It goes without saying that effective consulting relies on selecting partners who are experts in their field with extensive knowledge and experience. However, this expertise must not simply lie in the subject matter itself. Of more significance is the range of principles they work by, the soft skills they must possess, as well as their problem-solving abilities to collaboratively translate organizational vision and values into results and a reality that reflects these aspirations.
Diversity and inclusion consulting will only unleash the power and potential inherent in an organization if the consulting process itself embodies the elements that will withstand the test of time in terms of their validity. The main element that must be evident to everyone consultants engage with, from day one, is that they inspire trust and confidence.
Excellence in inclusion and diversity consulting flows from the fact that their enlightenment and honesty are obvious and they are adept at getting to the heart of issues and sharing their observations in a constructive straightforward manner irrespective of the audience. Establishing credibility is a by-product of the fact that with diversity and inclusion consulting there can be no sugar-coated responses and solutions. We must confront and deal with the truth proactively and courageously.
It is really motivating when consultants are able to guide strategy formulation, key plans, and the establishment of change imperatives with clear authority borne out of an enlightened understanding of both the human condition as well as commercial performance necessities. Superior consultants look to combine the best in both to their mutual advantage, always looking for ways to optimise beyond current achievements. Diversity and inclusion training will often be customised to include important messages that will be unique to the organisation’s transformation towards greater diversity and inclusivity.
Exceptional diversity and inclusion consulting will always be concerned with the maximum transference of knowledge, skills, and expertise to the organisation at all levels as rapidly as possible for the sustainable upliftment of individuals in support of diversity and inclusion goals. The lighter the touch necessitated by the consultants going forward into the future, the better, as genuine progress in diversity and inclusion is a function of the internalisation of what is imparted. The role of consultants needs to shift to trusted advisers, guides, coaches, and mentors where appropriate as the evolution of the organisation unfolds. The bottom line must be clear. Accountability for transformation sits with everyone in the organisation individually and collectively. A groundswell of people must be committed and play their part.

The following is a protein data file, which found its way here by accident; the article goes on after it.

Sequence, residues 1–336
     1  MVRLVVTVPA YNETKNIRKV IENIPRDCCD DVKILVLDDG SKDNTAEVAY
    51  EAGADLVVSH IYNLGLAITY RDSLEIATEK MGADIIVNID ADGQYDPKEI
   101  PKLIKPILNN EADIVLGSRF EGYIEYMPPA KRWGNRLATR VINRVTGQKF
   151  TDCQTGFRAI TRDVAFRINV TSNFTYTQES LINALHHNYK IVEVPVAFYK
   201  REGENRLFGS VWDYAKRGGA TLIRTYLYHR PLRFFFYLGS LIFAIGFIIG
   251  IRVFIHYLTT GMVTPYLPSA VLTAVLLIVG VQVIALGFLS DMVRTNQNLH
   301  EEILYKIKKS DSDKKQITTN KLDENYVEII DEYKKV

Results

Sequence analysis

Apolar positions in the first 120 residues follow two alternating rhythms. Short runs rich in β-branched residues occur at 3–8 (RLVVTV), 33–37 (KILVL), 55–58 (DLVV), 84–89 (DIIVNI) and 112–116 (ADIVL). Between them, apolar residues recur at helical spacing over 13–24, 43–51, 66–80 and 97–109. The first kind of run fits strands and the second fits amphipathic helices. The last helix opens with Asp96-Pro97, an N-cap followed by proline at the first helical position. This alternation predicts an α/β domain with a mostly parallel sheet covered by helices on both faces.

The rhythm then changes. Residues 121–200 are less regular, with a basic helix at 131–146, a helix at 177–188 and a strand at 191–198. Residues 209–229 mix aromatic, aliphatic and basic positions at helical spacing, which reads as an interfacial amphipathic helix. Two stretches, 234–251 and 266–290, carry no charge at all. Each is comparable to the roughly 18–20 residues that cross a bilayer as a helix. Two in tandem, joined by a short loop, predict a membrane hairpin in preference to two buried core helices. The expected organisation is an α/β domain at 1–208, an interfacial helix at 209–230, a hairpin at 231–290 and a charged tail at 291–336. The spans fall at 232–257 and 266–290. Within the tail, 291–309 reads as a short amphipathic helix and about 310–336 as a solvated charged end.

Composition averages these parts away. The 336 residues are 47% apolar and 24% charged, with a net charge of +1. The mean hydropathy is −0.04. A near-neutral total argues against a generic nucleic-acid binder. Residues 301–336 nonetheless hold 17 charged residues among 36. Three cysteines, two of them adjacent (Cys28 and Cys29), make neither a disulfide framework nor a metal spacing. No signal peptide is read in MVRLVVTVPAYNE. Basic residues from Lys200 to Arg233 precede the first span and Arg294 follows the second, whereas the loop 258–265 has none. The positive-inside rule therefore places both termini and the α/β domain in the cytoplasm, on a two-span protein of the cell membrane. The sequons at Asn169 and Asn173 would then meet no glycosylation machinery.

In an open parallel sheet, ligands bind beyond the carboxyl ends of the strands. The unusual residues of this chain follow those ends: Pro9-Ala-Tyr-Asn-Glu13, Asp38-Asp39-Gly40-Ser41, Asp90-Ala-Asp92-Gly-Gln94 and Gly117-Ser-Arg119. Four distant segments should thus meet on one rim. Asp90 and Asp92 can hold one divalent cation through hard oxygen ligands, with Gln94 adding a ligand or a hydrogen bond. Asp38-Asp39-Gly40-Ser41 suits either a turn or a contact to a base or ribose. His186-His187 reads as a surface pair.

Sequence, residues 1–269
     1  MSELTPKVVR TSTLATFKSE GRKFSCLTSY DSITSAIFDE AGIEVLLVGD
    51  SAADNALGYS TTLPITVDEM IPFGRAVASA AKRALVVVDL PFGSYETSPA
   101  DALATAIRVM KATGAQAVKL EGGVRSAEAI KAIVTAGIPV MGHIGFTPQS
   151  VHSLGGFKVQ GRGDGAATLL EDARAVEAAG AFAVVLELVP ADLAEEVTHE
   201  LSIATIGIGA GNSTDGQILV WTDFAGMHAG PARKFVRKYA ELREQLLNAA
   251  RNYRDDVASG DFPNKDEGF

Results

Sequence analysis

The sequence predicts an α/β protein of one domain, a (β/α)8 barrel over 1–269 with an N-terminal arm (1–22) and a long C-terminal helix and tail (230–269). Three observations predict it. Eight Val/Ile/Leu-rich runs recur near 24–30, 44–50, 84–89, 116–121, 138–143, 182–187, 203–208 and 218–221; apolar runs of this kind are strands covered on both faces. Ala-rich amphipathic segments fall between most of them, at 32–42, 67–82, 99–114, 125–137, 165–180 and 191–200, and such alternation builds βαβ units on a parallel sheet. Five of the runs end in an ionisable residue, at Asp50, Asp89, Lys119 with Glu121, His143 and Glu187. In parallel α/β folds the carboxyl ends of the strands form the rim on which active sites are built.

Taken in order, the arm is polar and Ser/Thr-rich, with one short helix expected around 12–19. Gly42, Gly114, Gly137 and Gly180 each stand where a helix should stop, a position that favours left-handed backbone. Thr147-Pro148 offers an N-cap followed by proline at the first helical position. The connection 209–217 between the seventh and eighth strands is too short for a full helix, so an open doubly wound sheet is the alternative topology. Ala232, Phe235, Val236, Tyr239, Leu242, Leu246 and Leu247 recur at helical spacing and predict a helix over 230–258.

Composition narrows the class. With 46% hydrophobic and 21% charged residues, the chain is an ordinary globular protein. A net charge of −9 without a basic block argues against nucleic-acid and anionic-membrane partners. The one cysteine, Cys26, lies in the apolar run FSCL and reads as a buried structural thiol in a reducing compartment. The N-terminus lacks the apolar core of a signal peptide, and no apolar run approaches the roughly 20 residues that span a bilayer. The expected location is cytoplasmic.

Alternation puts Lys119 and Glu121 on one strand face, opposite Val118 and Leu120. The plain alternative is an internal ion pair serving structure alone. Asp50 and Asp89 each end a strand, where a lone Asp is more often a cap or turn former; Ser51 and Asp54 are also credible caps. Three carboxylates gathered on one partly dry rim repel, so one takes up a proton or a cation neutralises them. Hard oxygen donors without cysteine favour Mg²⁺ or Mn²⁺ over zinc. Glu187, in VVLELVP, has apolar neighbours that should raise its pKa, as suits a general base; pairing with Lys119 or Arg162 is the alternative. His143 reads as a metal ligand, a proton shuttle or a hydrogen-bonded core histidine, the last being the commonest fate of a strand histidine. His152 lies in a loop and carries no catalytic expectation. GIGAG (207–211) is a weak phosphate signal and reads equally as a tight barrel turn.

Aligned to this, effective inclusion and diversity consulting must involve the ability to ask probing relevant questions borne out to the collection of both quantitative and qualitative data as well as personal observations. They must build capacity in the organisation for reflection and awareness so that increasingly, leaders in the organisation can discover the root causes of persistent problems and challenges and find meaningful pragmatic solutions that will work in the interests of the greater good. Quickly, effective consultants will demonstrate that diversity and inclusion consulting is far from a theoretical exercise and that whole-hearted commitment, in the long run, is essential. Genuine consultants will not be apologetic about being tough taskmasters always demanding the best from all contributors.
Consultants know that people within the organisation will be closely watching and that the organisation will be consistent in word and deed. Effective consulting must, therefore, embody realism in every aspect of diversity and inclusion delivery against targets. The clear-sighted focus must be on the delivery of any promises and management of expectations across the board.
This necessitates a well-thought-through communication programme that is constantly in sync with what is transpiring within the organisation on this front. Consultants must ensure the correct connections are made and that communication is both motivational but also educational in terms of providing information that matters most at a point in time. Optimal communication will always be early, often, and anticipatory. It will also be enriched and informed by ongoing engagement activities within the organisation.
Diversity and inclusion training would have laid the foundation for an organisation to be receptive to change. However, the job is never done exclusively through training. The consultant’s job will, therefore, also involve ongoing facilitation in the organisation, particularly where issues arising might threaten overall progress. Good consultants will need to see past current chaos, conflict, and agendas and have the ability to create common ground, concessions, and harmony.
Again, these skills need to be transferred into the organisation to deal consistently with the change and need to cycle through shifting priorities and setbacks. Proficiency at moving people collectively through difficult times will instil hope and confidence that temporary challenges can indeed be surmounted with the right intent and mindset.
At the end of the day, effective inclusion and diversity consulting will leave a legacy in an organisation of people who are passionate and driven towards life-long learning about themselves and others and their combined possibilities. The fundamental caring orientation of extraordinary consultants will become manifest within the organisation to everyone’s advantage.